• So — I would be working on a project that carried powerful meaning for me. I felt a profound connection with the users, even though they wouldn’t be aware of it — and I wanted to support them. It was too late for the men’s site to do anything for Antonio and me — but I could use my UX knowledge and skills to improve its ability to help others who face similar challenges.
  • There’s a down side to this , too. It turned out that I was so focused on my connection with the users that I lost sight of my connection with the client. I’m not working on this project any more. When I read the client’s email my spirit sank, and I sat back and had a good cry.
  • I don’t know about you, but I got into UX because I want to help make people’s lives better. Sure, I find the work challenging and fascinating — and that’s very important too. But for me the key is knowing – that what I do for a living – matters . That it helps connect me with my users, my clients, and the best of myself. That it is larger than myself.
  • Life is about connection, and UX is no different. I submit that our work needs to nurture not only our own spirit but those of our users, and ideally our clients as well. I think we’ll serve our users better if we at least keep it in the backs of our minds.
  • Now I’d like to hear your stories. And let’s talk about how they might enhance and enrich our work. I’m planning to start a PhD program in a few months, to study this topic. I’d love for you to fill out my exploratory survey. You’ll find it at
  • Thank you!


  • 1. UX and the Human Spirit Three Stories of Connection Elizabeth Buie @ebuie
  • 2. “ The Human Spirit” the part of us that feels a deep connection with something larger than ourselves — that feels a sense of wonder, purpose, awe
  • 3. “ Larger than yourself” can mean many different things
  • 4. Herewith three stories. What role might technology play?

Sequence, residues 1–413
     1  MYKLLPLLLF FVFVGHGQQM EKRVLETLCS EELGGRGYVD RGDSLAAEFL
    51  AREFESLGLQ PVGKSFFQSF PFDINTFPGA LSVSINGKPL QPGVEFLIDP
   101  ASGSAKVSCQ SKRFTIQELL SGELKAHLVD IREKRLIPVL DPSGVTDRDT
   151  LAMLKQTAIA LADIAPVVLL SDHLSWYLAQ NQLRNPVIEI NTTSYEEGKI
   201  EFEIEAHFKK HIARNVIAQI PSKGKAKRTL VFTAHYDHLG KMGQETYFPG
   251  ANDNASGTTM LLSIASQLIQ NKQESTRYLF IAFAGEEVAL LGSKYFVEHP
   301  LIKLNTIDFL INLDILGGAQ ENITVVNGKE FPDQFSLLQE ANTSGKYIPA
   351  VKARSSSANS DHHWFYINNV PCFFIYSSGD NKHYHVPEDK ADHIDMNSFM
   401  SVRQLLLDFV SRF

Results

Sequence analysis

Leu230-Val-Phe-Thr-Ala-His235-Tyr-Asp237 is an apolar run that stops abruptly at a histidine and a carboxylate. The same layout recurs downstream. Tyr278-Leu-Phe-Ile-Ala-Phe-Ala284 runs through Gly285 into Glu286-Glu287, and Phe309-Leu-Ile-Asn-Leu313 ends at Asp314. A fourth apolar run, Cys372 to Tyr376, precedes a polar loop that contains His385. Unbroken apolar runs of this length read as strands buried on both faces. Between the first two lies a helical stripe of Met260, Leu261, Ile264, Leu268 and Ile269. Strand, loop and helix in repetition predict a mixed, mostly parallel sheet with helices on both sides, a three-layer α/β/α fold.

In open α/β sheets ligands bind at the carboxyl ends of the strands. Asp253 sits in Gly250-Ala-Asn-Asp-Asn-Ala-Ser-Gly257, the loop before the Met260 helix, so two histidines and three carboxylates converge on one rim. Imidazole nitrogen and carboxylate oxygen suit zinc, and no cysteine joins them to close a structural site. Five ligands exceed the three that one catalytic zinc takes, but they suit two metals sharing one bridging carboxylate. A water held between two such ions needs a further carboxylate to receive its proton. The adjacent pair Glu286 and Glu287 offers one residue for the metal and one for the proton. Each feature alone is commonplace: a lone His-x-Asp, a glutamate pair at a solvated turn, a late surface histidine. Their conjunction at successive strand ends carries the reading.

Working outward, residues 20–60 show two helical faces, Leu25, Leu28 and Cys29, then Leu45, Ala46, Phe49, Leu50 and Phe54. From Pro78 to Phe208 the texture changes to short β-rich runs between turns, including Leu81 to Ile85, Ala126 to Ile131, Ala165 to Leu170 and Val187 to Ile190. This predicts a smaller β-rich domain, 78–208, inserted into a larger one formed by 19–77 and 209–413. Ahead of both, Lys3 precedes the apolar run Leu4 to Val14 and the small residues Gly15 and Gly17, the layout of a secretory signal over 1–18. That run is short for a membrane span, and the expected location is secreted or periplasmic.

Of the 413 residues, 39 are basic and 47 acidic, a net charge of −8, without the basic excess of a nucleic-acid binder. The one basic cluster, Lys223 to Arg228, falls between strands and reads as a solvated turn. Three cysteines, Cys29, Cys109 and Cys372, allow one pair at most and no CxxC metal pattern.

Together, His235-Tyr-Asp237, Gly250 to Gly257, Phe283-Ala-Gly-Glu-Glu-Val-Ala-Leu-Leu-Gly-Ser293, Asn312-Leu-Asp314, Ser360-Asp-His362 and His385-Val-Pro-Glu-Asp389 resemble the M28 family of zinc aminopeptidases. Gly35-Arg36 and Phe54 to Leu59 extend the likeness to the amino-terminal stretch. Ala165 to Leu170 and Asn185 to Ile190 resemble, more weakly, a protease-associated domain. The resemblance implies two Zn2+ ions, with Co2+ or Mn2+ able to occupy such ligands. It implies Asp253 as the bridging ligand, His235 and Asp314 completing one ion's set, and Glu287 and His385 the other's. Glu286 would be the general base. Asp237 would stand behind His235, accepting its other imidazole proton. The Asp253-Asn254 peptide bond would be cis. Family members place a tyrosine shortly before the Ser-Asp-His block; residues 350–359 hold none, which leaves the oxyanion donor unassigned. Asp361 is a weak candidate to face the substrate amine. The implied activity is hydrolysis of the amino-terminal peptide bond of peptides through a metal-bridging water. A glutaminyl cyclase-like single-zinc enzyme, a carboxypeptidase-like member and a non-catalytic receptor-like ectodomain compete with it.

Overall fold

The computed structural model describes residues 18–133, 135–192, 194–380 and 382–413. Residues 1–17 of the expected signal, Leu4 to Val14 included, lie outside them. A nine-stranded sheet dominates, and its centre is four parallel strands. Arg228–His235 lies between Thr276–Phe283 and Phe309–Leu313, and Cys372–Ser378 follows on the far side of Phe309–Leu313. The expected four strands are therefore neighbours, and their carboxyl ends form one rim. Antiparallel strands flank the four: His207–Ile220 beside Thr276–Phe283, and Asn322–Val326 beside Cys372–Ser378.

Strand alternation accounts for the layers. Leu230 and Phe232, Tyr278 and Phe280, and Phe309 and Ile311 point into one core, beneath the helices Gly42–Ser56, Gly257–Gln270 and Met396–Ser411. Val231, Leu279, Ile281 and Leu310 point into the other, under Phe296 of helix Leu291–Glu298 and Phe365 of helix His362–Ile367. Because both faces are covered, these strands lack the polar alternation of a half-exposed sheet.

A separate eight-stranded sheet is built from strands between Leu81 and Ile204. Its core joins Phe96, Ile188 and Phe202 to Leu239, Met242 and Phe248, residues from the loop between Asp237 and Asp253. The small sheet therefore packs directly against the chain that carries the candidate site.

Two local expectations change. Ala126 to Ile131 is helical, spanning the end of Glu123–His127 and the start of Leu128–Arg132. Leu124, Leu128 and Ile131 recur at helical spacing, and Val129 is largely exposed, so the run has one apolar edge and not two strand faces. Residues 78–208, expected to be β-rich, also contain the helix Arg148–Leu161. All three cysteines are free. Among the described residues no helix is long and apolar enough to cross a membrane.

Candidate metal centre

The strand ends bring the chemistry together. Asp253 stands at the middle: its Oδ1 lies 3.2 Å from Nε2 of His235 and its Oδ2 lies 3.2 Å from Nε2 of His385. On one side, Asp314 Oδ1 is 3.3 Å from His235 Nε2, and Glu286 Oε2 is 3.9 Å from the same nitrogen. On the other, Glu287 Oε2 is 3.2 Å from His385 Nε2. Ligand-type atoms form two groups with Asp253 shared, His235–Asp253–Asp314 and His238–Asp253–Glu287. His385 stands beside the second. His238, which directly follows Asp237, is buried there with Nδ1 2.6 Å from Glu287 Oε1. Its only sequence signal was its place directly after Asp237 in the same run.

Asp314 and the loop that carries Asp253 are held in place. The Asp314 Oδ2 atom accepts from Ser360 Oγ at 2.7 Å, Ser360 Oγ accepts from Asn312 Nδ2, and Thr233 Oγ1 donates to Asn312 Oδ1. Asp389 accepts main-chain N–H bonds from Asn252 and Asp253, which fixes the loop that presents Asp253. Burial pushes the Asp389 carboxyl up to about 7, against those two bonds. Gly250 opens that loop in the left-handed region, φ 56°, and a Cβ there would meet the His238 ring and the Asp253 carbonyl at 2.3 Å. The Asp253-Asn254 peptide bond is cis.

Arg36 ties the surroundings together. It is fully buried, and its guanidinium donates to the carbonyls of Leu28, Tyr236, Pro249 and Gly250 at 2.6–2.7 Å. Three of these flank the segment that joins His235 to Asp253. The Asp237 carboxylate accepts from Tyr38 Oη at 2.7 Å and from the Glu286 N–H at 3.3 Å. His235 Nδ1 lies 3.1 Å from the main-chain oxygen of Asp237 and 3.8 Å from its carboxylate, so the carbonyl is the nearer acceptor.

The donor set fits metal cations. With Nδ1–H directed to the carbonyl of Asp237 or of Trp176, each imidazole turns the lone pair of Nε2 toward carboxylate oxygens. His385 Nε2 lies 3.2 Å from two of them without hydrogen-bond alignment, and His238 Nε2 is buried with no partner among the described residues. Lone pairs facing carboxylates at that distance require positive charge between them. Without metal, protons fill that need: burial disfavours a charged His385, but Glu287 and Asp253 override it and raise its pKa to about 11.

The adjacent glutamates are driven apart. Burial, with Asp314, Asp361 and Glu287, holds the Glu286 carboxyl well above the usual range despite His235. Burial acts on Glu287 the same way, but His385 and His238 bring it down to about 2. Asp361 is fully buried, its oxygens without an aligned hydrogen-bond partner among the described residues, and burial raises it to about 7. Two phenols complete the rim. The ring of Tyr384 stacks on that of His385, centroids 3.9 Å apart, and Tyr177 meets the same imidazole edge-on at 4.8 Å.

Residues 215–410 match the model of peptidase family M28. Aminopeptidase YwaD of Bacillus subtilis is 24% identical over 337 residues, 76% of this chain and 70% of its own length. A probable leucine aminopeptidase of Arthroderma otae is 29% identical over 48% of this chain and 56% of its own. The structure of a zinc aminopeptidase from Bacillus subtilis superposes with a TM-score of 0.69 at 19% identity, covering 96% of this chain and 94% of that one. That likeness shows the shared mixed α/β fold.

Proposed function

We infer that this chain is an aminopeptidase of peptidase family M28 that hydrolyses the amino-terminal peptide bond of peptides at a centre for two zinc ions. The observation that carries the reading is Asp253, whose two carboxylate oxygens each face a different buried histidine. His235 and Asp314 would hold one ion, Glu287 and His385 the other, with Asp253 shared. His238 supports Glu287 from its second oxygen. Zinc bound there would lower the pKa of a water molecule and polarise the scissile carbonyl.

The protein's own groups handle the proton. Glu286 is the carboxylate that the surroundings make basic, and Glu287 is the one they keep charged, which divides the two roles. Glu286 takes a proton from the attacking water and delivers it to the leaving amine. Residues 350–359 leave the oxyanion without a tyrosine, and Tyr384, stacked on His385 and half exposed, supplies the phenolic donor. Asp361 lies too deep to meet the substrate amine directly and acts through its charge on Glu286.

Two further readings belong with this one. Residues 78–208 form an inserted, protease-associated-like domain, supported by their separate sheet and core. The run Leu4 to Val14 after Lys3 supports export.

• 5. Story 1: Of Music and Mystery
  • 6.  
  • 7. Live with pieces
  • 8. Commute - spirit soared
  • 9. Mystery/wonder part of my UX
  • 10. Story 2: Of Absorption and Disconnection
  • 11. Seductive Hypnotic Isolating Seductive - Hypnotic - Isolating
  • 12. Divided attention
  • 13. Phone calls with my mother Mom never seemed to take offense at my divided attention. She just thought she was interrupting something important. She was proud of my work.
  • 14. Three days later, an auto accident. Our last phone conversation carries the shadow of my half-attention.
  • 15. Story 3: Of New Projects and Serendipity Heartfelt thanks to Kel Smith (@kelsmith) and Debra Levin Gelman (@dgelman) for sending me this client.
  • 16. The project: Two websites to support sexual health in cancer survivors
    • One for women
    • One for men
    • My role: usability assessment and support to redesign
  • 17. When the client told me what the project was — I had to stop for a second, and catch my breath.
  • 18. Ten years ago, my husband died of prostate cancer.
  • 19. Powerful meaning, profound connections
  • 20. A cautionary note Strong connections can backfire. I was so focused on my connection with the users that I lost sight of my connection with the client. I’m not on this project any more.
  • 21. UX is work of the human spirit.
  • 22. Life is about connection.
    • UX is too.
  • 23. These are some of my stories. What are yours? How can we use them in our UX work? Fill out my exploratory survey: Come find me, and let’s talk.
  • 24. Go raibh maith agaibh Thank you Photographs © Elizabeth Buie except on slides 2, 5, 6, and 9 Elizabeth Buie @ebuie [email_address]